December 1, 2014
  4. That sunset picture is incredible, thanks for sharing.

    December 1, 2014
    • Glad you enjoyed it, James. Thanks in turn for the comment!

      December 1, 2014
  5. Indonesia is so beautiful!
    I have never heard of Sumba before.
    Only been to Sumatra.

    December 1, 2014
    • I couldn’t recommend it more highly. Sumba is not well-known (except maybe to surfers), and yet it is just a short hop from Bali!

      December 1, 2014
  6. Wowww cool, James… First time you arrived to Sumba and enjoy Nihiwatu. Did you spend other days to explore Sumba island or just stay in Nihiwatu?
    Ahh I want go there someday *menabung dulu* hahaha

    December 1, 2014
    • Yes Halim, it was an impossible dream come true! Sadly it only lasted four days – the trip was specific to Nihiwatu so we spent all our time in the area surrounding the resort. There is so much to do though, from village visits to jungle hikes to watersports… the schedule was action-packed and full of adventure!

      December 1, 2014
  7. I’ve always been interested in Nihiwatu, thanks for bringing it to life for me. After endless surf trips to Bali and Lombok I think it’s time to branch out a bit further and this looks like the perfect spot.

    December 1, 2014
    • I didn’t see the waves at their biggest, but they were still impressive nonetheless. Better book your spot as soon as you can – apparently the waiting list for surfers is two years long!

      December 1, 2014
      • Wow, must be really popular. Looks like a great spot even without the surfing.

        December 2, 2014
  8. Fantastic post. Thanks for the discovery!

    December 1, 2014
    • You’re welcome – I had no idea I was going until just five days before!

      December 1, 2014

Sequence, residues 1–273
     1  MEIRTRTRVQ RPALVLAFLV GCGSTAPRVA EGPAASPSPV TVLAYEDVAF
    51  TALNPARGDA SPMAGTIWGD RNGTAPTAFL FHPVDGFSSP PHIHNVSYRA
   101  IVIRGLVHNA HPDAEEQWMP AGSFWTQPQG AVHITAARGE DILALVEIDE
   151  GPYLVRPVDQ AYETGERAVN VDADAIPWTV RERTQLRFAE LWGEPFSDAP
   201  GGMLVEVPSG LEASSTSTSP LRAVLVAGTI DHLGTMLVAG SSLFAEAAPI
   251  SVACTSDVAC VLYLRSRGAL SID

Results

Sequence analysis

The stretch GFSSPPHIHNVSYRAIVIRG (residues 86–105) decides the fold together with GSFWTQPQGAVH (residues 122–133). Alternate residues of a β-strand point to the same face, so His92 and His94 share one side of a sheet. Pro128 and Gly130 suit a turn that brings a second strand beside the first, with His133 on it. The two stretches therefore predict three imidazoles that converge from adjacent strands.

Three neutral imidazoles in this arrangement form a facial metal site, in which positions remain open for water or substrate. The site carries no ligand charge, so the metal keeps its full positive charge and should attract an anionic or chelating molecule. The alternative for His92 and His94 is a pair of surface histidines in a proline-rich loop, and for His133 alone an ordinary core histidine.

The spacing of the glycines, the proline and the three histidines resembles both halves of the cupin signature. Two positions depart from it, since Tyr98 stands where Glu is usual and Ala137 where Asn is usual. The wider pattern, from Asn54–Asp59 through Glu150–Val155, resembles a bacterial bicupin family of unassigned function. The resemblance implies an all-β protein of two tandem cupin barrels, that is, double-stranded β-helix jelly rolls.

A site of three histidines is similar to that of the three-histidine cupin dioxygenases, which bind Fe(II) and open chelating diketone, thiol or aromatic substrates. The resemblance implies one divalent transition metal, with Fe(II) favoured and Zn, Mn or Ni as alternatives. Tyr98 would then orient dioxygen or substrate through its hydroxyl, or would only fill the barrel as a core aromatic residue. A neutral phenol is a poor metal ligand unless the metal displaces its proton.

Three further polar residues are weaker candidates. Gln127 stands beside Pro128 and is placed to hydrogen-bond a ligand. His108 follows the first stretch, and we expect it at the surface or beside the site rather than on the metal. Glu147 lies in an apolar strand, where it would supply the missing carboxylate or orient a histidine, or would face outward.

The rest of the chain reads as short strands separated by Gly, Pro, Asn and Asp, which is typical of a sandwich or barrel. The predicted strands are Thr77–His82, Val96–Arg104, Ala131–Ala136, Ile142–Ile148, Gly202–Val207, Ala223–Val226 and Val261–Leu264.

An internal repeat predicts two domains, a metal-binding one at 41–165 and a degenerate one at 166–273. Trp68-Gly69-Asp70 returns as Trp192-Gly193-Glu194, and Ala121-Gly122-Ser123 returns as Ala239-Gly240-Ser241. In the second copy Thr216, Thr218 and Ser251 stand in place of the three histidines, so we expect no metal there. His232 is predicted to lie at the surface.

9. Hmmmmm I think I would like it there 🙂
    Lovely post James – completely transported even though I’m in Hawaii which certainly has its own tropical charms.

    December 2, 2014
    • You most certainly would, Alison! 🙂
      Island-hopping across the Pacific sounds like the perfect pre-Christmas trip – I’m already looking forward to your stories (and photos!) from Hawaii, Samoa and Fiji. I’ve never been to any of those places.

      December 2, 2014
  10. Hi James. The photos are very nice, as well as the writing desk and the veranda, indeed 🙂

    December 2, 2014
    • Makasih, Wien. I’m glad the weather was mostly sunny – we did get hit by hujan deras but it didn’t last too long. 🙂

      December 2, 2014
      • Terima kasih kembali James. Oo I see. How if dancing in the rain? 😁

        December 2, 2014
      • Well we were hiking in a jungle at the time… it really wasn’t the best place for dancing!

        December 2, 2014
      • I thought you went to the beach. Haha

        December 2, 2014
  11. You are very lucky to experience this (posh) resort.

    December 3, 2014
    • Yes – I was beyond lucky I think. That couldn’t begin to describe how I felt to be there.

      December 3, 2014
  12. oh my god so beautiful!!!

    December 10, 2014
  13. Wow, what an amazing place! Looks like paradise.
    Loved the post 🙂

    December 20, 2014
    • Indeed it was – perfect for a honeymoon I think! 🙂

      December 30, 2014
  14. Awesome Picture! What a lovely place.

    December 20, 2014
  15. Wow! Stunning place! Must add it to the list of places to visit.